Labocine stops by Kyoto University to visit young Assistant Professor Dr. Shigeyuki Yoshikawa who works at The Hakubi Center for Advanced Studies and Graduate School of Science.
In Kyoto Fruit Flies: Collection and Variation, Shigeyuki and his postdoctoral fellow Keiji venture through the Botanical Gardens at Kyoto University to collect novel Drosophila strains. They bring them back to the lab and observe various strains, especially Drosophila guttifera under the microscope.
Shigeyuki grew up in the countryside of Chiba in the suburbs of Tokyo, collecting insects and crayfish. He did his PhD work on termites at the University of Tokyo and a first postdoctoral degree in a similar field of study at Hokkaido University in Sapporo. His focus on social behavior in insects led him to search for new variations, new samples around the world.
He then joined the Sean B. Caroll Laboratory at University of Wisconsin-Madison where he sharpened his skills in Ecology and Evolutionary Biology. He felt very fortunate to immerse himself in the emerging field of Evo-Devo, a field of biological research that compares the developmental processes of different organisms to infer the ancestral relationships between them and how developmental processes evolved.
He is now thrilled to be back in his home country and told us that Kyoto University provides him with great freedom to develop new research projects. He proudly states that Kyoto is "the former capital of Japan and a beautiful city with a harmony of nature, old culture, and new technologies."
In the Hakubi project, Shigeyuki studies how patterns are controlled, using fruit fly species with different wing color patterns. His lab focuses on the mechanism and evolution of pigmentation pattern formation in the wings of Drosophila. Using multiple fruit fly stains with differing traits and characteristics, he deciphers the mechanism of pattern formation and its mode of evolution.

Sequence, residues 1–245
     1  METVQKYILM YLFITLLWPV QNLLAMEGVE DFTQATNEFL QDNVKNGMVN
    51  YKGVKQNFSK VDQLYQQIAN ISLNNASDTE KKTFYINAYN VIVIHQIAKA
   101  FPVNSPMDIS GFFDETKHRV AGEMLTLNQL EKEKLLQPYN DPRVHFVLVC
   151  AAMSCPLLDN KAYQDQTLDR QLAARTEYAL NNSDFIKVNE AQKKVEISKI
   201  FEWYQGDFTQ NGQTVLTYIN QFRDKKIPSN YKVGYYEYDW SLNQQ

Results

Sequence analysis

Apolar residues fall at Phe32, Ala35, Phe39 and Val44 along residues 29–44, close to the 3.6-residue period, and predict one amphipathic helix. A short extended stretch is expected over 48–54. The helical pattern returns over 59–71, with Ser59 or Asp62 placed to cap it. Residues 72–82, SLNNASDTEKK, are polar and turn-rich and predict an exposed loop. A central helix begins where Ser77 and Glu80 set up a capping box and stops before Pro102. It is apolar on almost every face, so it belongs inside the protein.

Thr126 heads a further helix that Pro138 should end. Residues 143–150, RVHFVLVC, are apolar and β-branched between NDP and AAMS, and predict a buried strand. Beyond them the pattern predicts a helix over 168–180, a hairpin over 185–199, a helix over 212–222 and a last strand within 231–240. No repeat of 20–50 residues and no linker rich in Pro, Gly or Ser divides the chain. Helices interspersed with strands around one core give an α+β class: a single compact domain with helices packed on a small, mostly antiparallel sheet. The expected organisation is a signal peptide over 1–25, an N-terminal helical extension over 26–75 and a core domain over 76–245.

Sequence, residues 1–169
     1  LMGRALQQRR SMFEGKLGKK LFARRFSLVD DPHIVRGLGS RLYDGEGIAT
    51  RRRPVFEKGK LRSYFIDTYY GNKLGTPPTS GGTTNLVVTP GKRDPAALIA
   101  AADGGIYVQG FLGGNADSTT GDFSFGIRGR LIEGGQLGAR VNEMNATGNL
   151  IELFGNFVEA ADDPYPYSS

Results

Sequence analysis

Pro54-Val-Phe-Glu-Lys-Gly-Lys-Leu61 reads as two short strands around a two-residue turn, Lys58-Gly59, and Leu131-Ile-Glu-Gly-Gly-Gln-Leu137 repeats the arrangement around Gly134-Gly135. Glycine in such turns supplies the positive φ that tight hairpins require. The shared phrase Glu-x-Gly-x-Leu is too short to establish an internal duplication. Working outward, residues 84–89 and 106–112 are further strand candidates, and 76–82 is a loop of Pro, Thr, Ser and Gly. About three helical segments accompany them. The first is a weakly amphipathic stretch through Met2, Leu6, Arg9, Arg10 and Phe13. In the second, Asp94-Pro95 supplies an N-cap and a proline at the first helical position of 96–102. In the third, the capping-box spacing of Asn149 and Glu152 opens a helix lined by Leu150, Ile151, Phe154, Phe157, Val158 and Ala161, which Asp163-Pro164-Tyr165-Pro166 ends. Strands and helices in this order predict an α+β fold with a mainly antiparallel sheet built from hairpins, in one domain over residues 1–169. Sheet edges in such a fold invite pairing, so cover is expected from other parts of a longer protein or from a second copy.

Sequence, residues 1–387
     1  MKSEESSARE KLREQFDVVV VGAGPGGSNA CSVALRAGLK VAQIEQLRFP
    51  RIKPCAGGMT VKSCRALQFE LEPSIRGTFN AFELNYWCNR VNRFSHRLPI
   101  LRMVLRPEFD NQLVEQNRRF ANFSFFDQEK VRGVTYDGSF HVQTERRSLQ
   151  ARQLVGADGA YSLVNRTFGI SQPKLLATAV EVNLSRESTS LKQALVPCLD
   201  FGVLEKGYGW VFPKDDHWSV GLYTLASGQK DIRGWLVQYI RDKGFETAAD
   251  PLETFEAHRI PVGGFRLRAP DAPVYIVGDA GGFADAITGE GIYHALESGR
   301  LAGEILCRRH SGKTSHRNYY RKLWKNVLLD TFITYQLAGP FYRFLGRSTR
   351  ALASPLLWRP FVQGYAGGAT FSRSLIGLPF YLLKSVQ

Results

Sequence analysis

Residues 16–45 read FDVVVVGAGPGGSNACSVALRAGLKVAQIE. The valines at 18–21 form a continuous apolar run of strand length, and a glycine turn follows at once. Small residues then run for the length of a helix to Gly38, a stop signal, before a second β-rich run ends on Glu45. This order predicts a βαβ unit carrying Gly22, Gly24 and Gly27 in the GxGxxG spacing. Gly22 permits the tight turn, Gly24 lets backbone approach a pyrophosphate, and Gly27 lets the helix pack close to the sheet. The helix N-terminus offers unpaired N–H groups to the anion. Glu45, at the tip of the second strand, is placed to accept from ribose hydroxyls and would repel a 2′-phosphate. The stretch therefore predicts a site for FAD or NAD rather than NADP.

As he looks up from his microscope, he tells us:
"When we have a full understanding of the mechanism of pattern formation, we should be able to draw a picture on a fly wing using genetic manipulation. The fruit fly is a very handy model organism because of the century-old genetic tools developed to test ideas and paradigms."
During his observation of subspecies of the fruit fly, Shigeyuki came up with a question as to how a unique trait specific to particular organisms (novelty) evolves. As we walk out of the building, he explains why we are out of the lab. Shigeyuki works on Drosophila guttiera, a North American fruit fly species but he often collects closely related but different species in Kyoto at the Botanical Gardnes.
Dr. Shigeyuki Yoshikawa says "I am trying to find a new project concerning field ecology of Drosophila and its relationships with biological traits. The botanical garden is a place that allows me to grow my ideas. In this season some rare Drosophila species can be found around Camellia flowers. I am also studying pigmentation pattern formation of Drosophila guttiera, which has black polka-dots on their wings. With the transgenic technology, we can test a gene function responsible for pigmentation pattern formation."
As we walk back to the lab after a Fall afternoon of filmmaking, he says:
"This camera we used is a SONY HANDYCAM DCR-SX44 with standard mode. If the resolution is too low or you have any requests of improvement, we can come back."
Interview conducted by Alexis Gambis, Executive Director of Imagine Science Films